Taking the brave position (ScholarsAndRogues.com, 4/20/09) that the National Review Online is so bad that it makes William F. Buckley's print version look "semi-respectable" by comparison, former U.S. Navy Commander Jeff Huber writes that in his April 11 NRO post, "military historian and former classics professor Victor Davis Hanson comes across like a rabid war mongrel":
Frothing over the recent Somali pirate caper involving a U.S. flagged merchant ship, Davis insists that, "To end Somali piracy, disproportionate measures against the shore should be taken–for every one pirate assault, a lethal air assault should immediately follow." It's perhaps understandable that Hanson doesn't mention what Somalia offers in the way of suitable air strike targets; underdeveloped nations like Somalia don't have any. Hanson probably doesn't understand that, because like so many hawkish military historians, he doesn't understand anything about the military. He doesn't know much about warfare theory, either. He calls for extreme (though ineffectual) military measures in response to something he admits "may not be a matter of American national security" committed not by a peer competitor or a group of global extremists but by "two-bit pirates." When a giant purposely crushes an anthill, he's not pursuing a political objective; he's feeding his perversions. That, like waterboarding someone 183 times, is not the sort of thing a global hegemon needs to be doing, Victor.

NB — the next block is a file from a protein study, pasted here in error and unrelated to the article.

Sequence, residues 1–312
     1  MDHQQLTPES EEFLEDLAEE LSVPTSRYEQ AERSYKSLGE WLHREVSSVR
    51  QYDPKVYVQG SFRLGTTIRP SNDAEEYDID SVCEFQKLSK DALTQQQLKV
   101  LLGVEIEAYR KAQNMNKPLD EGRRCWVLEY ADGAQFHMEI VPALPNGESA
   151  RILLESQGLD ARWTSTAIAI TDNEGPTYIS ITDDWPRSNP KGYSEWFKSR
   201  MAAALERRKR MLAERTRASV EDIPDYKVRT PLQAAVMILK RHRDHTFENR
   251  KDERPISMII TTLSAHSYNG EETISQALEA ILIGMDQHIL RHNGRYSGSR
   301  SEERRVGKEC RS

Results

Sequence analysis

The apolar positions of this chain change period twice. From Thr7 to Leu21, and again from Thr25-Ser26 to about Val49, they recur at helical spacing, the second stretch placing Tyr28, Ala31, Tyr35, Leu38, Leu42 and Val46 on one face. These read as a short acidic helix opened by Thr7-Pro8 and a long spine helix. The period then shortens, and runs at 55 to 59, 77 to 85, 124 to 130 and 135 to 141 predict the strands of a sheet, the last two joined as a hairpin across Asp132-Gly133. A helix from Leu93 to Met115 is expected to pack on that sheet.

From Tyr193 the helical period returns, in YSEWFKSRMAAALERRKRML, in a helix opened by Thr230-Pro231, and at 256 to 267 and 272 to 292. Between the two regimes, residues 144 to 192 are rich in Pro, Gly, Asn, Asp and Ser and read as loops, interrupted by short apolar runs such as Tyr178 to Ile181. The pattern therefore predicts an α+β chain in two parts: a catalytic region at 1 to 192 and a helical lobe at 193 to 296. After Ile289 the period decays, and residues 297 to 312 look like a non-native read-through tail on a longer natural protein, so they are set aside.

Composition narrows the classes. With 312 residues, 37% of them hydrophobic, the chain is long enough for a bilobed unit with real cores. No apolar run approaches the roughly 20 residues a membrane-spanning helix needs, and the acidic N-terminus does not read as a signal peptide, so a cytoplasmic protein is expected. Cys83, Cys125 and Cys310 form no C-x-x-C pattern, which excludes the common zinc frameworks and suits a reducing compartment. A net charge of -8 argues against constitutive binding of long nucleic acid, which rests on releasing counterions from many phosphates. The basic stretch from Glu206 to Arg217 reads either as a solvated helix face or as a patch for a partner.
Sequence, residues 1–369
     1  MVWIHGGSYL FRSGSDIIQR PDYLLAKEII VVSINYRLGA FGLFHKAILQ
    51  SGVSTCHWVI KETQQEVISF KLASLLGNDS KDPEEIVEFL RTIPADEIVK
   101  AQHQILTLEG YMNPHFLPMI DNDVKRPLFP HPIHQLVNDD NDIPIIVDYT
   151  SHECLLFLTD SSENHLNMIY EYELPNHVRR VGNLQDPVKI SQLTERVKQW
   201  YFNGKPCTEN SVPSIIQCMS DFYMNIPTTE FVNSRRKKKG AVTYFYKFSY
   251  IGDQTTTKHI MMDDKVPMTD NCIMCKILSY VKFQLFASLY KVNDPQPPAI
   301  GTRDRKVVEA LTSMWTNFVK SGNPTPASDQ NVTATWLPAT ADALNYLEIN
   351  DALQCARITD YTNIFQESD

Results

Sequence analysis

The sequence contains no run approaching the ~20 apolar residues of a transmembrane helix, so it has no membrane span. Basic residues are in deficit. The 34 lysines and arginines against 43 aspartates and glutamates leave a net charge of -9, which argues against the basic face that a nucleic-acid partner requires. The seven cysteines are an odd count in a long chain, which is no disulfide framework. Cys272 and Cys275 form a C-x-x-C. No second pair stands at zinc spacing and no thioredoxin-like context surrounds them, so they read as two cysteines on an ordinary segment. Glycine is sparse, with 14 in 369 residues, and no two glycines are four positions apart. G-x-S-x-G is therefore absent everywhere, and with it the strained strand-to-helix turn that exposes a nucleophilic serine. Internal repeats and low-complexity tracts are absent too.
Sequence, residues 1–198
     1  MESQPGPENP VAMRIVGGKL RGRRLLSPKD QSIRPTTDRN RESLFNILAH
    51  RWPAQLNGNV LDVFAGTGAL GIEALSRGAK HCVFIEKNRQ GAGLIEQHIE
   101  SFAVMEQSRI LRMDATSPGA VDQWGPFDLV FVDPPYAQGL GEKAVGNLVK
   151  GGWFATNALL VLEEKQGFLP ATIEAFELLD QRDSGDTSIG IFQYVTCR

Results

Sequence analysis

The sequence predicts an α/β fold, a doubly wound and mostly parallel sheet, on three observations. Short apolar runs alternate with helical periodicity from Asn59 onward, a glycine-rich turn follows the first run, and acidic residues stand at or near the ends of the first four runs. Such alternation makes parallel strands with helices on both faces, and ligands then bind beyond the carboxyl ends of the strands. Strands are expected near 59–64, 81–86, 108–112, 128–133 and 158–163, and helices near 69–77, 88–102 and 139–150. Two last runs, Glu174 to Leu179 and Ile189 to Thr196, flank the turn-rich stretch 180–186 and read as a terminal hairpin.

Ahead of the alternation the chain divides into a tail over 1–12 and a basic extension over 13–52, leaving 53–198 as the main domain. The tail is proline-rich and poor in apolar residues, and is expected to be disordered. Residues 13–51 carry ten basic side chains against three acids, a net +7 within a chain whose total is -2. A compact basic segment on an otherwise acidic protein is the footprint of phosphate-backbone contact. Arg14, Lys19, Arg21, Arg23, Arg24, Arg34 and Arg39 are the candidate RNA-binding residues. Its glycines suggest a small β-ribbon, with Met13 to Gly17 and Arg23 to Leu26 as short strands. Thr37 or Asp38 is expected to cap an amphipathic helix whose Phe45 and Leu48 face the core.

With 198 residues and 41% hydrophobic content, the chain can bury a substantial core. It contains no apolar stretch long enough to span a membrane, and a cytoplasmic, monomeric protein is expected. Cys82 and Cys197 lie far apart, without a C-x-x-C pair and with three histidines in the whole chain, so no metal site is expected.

Calling things "even wackier at the other end of the nut farm," Huber further points to one issue of the Weekly Standard in which both "Barnacle Bill Kristol" and Seth Cropsey call for U.S. troops "going ashore in Africa to destroy the pirates' safe havens"–a bellicose position lamentably popular across many right-wing media.